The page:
It is a classic conflict between man and wife, the need for directions. Despite rising gasoline prices and the declining value of the dollar, Americans are icing down coolers, loading trunks and hitting the open road in pursuit of summertime adventure. Having been down this road before, some men will take advice from their wives and seek a pointed finger from a local resident. The less than wise will rely on their intuition and instinct to navigate unfamiliar territory. We know how the story ends.

A few years ago, a friend of mine was on his way back to Washington D.C. from Oklahoma. Somewhere in the middle of the night, he zigged when he should have zagged, and by the morning light, he discovered he was lost in Ohio.

Posing as a geographically challenged traveler, one of my favorite practical jokes is to stop at a convenience store at the Texas/Oklahoma boarder near Wichita Falls and ask the attendant how far it is to Wichita. The response is always the same, “Wichita Falls, Texas is just a few miles away but you are no where near Wichita, Kansas.” To which I reply, “That’s not what the sign said in Oklahoma City. It said turn south for Wichita.” By this time, I have usually gained the attention of other customers. A sense of pity abounds when I express that I am sure to miss the wedding!

I am convinced the modern global satellite position (GPS) unit has done more to save marriages than a year of premarital counseling. The best wedding gift any man could receive is a GPS. It may take a while to get used to taking travel tips from the female voice giving directions. But it sure beats hearing his wife say, “I told you so!”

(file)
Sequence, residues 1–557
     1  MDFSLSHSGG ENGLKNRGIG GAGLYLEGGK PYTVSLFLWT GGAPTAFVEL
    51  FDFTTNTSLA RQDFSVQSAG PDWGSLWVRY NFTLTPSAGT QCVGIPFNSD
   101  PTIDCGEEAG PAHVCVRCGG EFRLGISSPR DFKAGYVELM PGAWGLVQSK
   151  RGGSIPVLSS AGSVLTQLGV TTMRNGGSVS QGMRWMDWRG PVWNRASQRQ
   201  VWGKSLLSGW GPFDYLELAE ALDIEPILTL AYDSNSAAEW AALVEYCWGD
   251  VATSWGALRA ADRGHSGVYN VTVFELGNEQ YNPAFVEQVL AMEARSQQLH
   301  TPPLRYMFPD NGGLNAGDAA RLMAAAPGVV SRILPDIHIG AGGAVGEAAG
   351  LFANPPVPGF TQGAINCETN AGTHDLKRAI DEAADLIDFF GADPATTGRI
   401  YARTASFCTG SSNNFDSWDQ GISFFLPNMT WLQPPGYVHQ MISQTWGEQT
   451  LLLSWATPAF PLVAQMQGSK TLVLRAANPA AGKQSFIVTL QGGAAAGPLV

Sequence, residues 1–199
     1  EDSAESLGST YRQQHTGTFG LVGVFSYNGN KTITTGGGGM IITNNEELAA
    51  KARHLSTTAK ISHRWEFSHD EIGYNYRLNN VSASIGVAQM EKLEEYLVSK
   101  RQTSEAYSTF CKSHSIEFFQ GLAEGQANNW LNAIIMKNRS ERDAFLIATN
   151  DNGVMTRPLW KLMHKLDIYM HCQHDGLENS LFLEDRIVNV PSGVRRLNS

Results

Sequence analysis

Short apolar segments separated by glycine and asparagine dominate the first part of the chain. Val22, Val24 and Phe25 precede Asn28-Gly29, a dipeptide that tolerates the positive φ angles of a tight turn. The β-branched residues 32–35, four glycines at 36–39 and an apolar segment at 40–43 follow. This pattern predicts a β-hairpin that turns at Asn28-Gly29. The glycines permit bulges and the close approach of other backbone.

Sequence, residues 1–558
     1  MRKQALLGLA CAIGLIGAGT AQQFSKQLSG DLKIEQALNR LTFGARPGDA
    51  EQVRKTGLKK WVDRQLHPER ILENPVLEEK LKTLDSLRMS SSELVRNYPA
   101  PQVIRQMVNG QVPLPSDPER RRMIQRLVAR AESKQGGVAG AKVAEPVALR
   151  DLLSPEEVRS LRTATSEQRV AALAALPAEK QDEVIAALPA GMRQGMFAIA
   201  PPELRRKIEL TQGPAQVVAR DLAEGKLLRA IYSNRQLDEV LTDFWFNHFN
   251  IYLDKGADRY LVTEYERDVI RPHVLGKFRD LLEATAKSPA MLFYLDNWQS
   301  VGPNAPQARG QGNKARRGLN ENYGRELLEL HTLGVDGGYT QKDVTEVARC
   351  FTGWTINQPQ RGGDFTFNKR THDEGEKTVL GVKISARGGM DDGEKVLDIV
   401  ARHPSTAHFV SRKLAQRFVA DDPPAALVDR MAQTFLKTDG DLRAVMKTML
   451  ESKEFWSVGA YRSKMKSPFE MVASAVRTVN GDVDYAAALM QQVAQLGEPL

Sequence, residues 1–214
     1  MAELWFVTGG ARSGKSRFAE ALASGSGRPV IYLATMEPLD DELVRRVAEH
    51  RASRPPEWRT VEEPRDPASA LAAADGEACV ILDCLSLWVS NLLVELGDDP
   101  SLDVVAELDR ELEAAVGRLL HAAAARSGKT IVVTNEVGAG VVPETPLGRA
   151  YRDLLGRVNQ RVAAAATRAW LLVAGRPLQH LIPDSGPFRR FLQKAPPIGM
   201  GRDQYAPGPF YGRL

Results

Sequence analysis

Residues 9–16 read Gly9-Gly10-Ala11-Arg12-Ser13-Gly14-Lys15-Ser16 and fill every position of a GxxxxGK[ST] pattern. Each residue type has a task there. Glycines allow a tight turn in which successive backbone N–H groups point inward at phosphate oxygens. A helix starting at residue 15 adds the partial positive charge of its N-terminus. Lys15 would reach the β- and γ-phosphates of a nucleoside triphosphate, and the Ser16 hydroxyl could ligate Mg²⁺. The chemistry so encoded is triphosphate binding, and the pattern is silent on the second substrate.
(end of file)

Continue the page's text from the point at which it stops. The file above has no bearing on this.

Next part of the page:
There have been times when a lost comrade has approached me at a gasoline station. We men have to stick together, you know. When I am feeling ornery I reply, “You can’t get there from here.” The already bewildered traveler typically takes an extended stare, contemplates my response and then cracks a smile. I return the gesture, point him in the right direction and recommend a GPS before he needs marriage counseling.

I recently discovered an interesting feature on my GPS. I have the option of setting the device to either the shortest or the fastest route. Given my personality, I opted for the fastest route. Given the price of fuel, choosing the shortest route could have been the way to go. The real question isn’t about speed or distance, but what is best.

The same principle applies to my Christian walk. So many times I focus on the fastest and shortest, when God is more concerned with what is best. We tend to focus on our way, not Yahweh.

“Thy will be done,” is a classic line from the Lord’s Prayer. I can’t help but think how much farther I would be down life’s road if I had only learned to pause and seek God’s Positioning System sooner. Consulting His GPS always provides the best direction in life.